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18

In short: You must authenticate the IV. Which particular attacks apply if you don't depends on the block cipher mode; I will give two common examples. In CTR mode, an attacker who fiddles with the IV can forge authenticated messages, but the content of the corresponding plaintext is beyond his control (since he doesn't know the key). Depending on the ...


4

The Encrypt then MAC is done in general in order to be sure to decrypt into the correct plaintext, without risking of parsing a non-authentic plaintext message. If you don't MAC the IV, then Mallory (attacker that can tamper with messages as a man-in-the-middle) can modify the IV and your MAC will be still validated as good. So you will decrypt into an ...


2

FFX is not malleable. It's a strong tweakable pseudo-random permutation, where the "strong" here indicates that both encryption and decryption look like random permutations from the attacker's perspective. In particular, there's no relationship between the plaintexts of closely related ciphertexts (aside from the trivial observation that different ...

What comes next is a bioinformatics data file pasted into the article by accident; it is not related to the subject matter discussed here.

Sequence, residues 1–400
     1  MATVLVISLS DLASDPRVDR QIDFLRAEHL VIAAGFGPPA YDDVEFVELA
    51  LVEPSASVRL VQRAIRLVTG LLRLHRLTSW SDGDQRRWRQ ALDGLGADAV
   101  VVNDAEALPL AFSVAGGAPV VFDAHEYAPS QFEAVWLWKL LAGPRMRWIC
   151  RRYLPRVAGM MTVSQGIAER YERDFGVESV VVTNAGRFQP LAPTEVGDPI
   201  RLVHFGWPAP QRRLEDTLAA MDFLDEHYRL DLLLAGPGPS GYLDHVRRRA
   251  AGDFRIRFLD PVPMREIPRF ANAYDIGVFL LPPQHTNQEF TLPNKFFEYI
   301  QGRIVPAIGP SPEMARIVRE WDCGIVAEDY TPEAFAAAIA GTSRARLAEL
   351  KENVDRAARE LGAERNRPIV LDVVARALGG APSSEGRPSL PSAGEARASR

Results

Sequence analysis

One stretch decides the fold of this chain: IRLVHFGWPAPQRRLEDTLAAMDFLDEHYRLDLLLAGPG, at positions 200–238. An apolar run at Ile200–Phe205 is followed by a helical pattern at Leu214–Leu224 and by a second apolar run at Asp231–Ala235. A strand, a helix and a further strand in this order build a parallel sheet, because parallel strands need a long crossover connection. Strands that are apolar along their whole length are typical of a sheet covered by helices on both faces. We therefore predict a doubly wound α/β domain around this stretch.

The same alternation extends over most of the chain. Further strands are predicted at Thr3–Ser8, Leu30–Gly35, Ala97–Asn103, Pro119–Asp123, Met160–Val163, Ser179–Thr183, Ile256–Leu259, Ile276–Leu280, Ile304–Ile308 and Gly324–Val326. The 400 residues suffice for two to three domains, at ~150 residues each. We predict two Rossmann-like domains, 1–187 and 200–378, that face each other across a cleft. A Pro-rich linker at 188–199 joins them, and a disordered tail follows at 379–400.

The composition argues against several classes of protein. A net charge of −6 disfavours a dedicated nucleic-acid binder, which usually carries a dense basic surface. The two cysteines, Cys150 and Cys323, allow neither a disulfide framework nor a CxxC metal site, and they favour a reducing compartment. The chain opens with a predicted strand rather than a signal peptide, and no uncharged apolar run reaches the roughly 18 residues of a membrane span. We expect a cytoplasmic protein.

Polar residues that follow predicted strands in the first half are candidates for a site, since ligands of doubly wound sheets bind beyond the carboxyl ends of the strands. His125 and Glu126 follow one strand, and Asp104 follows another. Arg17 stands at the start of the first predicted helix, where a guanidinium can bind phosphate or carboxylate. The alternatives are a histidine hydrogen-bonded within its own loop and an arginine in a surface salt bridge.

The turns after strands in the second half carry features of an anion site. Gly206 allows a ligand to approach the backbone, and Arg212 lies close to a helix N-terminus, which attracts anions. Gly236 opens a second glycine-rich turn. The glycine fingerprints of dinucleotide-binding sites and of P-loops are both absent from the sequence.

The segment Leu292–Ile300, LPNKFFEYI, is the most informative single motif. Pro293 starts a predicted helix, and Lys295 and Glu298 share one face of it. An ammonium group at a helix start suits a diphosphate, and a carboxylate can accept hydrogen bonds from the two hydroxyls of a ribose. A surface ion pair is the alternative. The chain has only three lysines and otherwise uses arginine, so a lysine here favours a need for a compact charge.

1

Let $H(m)$ be any strong hash function. Since you want to use encryption only, we'll specify that $H(m)$ = $E_{key}(m)$ where $E$ is a 128-bit block cipher. We're trying to create an encryption mode that will cause any change to the ciphertext to propagate over all blocks of the plaintext. Strategy is to do two passes over the message, first forwards, ...


1

Will this method deliver true non-malleability? No. If we set the ciphertext to the value $(B, B)$, then the decrypted plaintext will have the second block as $B$ (assuming that the PCBC mode uses an implicit plaintext/ciphertext IV of 0; if it's two known constants, it's easy to adjust for that). Even if we ignore this, it also fails to make sure ...



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